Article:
outside world. If you are developing a product for foreign markets then these requirements are particularly relevant. Motivation To bring out in the open requirements that are difficult to discover because they are outside the cultural experience of the developers. People buying software. Examples “The product shall be installed using component X. Motivation To try to understand requirements that sometimes appear irrational. expect that it can protect itself from outside interference.” “The product shall be able to distinguish between French.” Volere Template v10.” “The product shall keep a record of public holidays for all countries in the European Union and for all states in the United States. Cultural requirements Content This section contains requirements that are specific to the sociological factors that affect the acceptability of the product. cultural norms that do not apply to your own culture? Are there colours.Considerations Each day brings more malevolence from the unknown.1 Copyright © 1995 – 2004 Atlantic Systems Guild Limited 50 This template may be copied and adapted provided shareware and copyright conditions are met . Political requirements Content This section contains requirements that are specific to the political factors that affect the acceptability of the product. Ask whether people in other countries or in other types of organizations will use the product. holidays. 16 Cultural and Political Requirements 16a. superstitions. Examples “The product shall not be offensive to religious or ethnic groups. Italian and British road numbering systems. icons or words that have different meanings in another cultural environment? 16b.” Considerations Question whether the product is intended for a culture other than the one with which you are familiar. or any other kind of product. Do these people have different habits.

Are there any copyrights/intellectual property that must be protected? Alternatively. However there are situations when you need to consider the politics inside your customers’ organizations or the national politics of the country. The political requirements might be purely concerned with the politics inside your organization.1 Copyright © 1995 – 2004 Atlantic Systems Guild Limited 51 This template may be copied and adapted provided shareware and copyright conditions are met . A few probing questions here may save some heartache later. Considerations Consider consulting lawyers to help identify the legal requirements. Motivation To comply with the law so as to avoid later delays.“The product shall make all functionality available to the managing director.” “The product shall be developed using XYZ standards. The reality is that the system has to comply with political requirements even if you can find a better/more efficient/more economical solution.” Fit Criterion Lawyers’ opinion that the product does not break any laws.” Considerations Did you intend to develop the product on a Macintosh. Examples “Personal information shall be implemented so as to comply with the data protection act. when the office manager has laid down a edict that only Windows machines are permitted? Is a director also on the board of a company that manufactures products similar to the one that you intend to build? Whether you agree with these political requirements has little bearing on the outcome. law suits and legal fees. Compliance requirements Content A statement specifying the legal requirements for this system. 17 Legal Requirements 17a. do any competitors have copyrights that you might be in danger of infringing? Is it a requirement that developers have not seen competitors’ code or even have worked for competitors? Volere Template v10..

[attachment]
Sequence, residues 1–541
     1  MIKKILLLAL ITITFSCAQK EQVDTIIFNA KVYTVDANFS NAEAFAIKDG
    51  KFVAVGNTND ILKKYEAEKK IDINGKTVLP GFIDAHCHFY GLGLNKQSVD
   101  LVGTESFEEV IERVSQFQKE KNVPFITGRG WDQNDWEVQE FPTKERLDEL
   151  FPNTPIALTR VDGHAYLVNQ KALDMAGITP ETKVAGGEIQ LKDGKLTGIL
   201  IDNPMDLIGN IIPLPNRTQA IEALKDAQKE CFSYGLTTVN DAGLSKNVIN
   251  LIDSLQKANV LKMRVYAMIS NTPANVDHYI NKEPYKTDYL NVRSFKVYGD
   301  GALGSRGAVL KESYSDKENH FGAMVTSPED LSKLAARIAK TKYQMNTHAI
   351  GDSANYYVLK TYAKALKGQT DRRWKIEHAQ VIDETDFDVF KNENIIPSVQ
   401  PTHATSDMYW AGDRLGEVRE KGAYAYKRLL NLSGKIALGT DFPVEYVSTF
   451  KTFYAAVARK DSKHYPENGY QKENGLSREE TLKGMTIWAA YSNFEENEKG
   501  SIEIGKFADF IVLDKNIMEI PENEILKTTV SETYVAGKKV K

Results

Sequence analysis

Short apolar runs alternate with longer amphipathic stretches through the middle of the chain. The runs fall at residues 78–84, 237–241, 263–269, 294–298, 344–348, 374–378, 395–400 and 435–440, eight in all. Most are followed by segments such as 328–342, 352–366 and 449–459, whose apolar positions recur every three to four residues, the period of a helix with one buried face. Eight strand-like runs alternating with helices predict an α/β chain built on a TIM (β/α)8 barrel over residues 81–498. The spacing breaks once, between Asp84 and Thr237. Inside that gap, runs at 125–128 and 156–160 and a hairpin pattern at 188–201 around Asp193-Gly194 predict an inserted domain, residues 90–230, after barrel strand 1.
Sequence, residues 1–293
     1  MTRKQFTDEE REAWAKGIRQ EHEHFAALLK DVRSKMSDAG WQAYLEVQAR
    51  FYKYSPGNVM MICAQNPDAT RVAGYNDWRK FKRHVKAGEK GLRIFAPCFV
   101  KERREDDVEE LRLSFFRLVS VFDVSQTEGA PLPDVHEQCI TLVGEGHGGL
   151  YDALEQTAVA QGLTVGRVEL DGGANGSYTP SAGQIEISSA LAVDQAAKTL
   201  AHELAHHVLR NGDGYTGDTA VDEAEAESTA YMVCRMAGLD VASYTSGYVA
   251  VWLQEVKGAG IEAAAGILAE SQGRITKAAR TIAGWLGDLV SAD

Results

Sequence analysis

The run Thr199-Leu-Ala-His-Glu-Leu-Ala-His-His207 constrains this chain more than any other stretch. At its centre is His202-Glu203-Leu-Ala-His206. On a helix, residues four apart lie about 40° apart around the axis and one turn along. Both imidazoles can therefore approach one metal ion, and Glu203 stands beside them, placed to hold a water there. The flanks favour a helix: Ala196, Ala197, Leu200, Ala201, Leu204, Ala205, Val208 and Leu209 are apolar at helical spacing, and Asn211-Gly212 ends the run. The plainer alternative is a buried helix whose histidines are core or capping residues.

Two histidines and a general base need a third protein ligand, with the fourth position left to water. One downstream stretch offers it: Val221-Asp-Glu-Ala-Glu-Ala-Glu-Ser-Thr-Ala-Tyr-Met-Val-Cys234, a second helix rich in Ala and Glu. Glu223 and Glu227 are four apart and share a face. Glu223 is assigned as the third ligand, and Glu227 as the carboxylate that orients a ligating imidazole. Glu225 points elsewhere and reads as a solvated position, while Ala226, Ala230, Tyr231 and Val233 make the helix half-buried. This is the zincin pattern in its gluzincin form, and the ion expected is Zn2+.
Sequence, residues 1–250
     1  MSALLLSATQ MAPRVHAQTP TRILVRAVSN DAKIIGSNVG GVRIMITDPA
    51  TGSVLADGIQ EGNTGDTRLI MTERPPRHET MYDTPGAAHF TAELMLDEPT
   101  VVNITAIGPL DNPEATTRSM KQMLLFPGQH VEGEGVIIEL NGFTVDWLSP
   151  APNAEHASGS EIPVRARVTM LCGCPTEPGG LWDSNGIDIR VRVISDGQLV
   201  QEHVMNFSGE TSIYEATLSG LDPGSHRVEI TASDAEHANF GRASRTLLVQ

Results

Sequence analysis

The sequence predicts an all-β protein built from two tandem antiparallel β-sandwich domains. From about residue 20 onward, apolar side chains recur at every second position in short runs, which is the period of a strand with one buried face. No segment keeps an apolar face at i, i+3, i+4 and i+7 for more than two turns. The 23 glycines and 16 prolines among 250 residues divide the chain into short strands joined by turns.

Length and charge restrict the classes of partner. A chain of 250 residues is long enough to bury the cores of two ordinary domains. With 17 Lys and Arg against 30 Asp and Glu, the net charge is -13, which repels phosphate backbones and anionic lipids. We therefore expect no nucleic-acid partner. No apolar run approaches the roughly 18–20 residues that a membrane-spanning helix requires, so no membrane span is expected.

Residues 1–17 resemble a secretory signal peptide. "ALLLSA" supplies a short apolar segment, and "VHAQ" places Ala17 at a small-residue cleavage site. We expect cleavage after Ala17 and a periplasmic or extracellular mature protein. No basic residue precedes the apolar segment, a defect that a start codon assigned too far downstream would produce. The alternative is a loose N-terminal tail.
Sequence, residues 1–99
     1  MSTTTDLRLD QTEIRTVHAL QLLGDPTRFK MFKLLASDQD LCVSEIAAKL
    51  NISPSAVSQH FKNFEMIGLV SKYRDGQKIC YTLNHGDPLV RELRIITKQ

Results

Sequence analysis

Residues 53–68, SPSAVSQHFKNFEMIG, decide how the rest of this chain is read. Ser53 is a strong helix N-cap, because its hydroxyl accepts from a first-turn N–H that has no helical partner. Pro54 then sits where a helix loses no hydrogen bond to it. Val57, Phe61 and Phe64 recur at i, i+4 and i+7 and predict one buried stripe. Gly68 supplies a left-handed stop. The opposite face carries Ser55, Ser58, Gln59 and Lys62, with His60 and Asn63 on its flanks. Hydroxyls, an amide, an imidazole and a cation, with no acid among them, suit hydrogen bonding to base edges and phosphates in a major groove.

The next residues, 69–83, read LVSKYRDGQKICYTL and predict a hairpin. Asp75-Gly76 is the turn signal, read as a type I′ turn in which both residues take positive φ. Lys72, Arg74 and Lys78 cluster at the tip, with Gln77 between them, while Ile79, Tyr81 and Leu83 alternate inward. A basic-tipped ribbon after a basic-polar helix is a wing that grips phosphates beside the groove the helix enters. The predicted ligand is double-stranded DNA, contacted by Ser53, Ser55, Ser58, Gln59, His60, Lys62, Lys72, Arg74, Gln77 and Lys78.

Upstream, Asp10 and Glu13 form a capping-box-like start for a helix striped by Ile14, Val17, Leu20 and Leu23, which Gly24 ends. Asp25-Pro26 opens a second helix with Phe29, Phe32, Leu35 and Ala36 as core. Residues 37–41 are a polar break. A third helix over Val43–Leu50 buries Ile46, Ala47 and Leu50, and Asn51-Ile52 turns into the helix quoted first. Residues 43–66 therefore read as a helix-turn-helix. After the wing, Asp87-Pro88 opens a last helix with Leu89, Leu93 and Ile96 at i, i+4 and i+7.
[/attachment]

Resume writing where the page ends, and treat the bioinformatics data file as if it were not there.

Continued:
Content A statement of factors that are uncertain and might make significant difference to the product.Is there any pending legislation that might affect the development of this system? Are there any aspects of criminal law you should consider? Have you considered the tax laws that affect your product? Are there any labour laws – eg: working hours – relevant to your product? 17b. Motivation To comply with standards so as to avoid later delays.1 Copyright © 1995 – 2004 Atlantic Systems Guild Limited 52 This template may be copied and adapted provided shareware and copyright conditions are met . watchdog or ombudsman? Are there any special development steps for this type of product? 18 Open Issues Issues that have been raised and do not yet have a conclusion.” “The product shall comply with insurance industry standards”. Standards requirements Content A statement specifying applicable standards and referencing detailed standards descriptions. Considerations It is not always apparent that there are applicable standards because their existence is often taken for granted.” Fit Criterion The appropriate standard-keeper certifies that the standard has been adhered to. Example “The product shall comply with MilSpec standards. “The product shall be developed according to SSADM standard development steps. think of it as an internal “law” imposed by your company. This does not refer to the law of the land. Consider the following: Are there any industry bodies that have applicable standards? Has the industry a code of practice. Volere Template v10.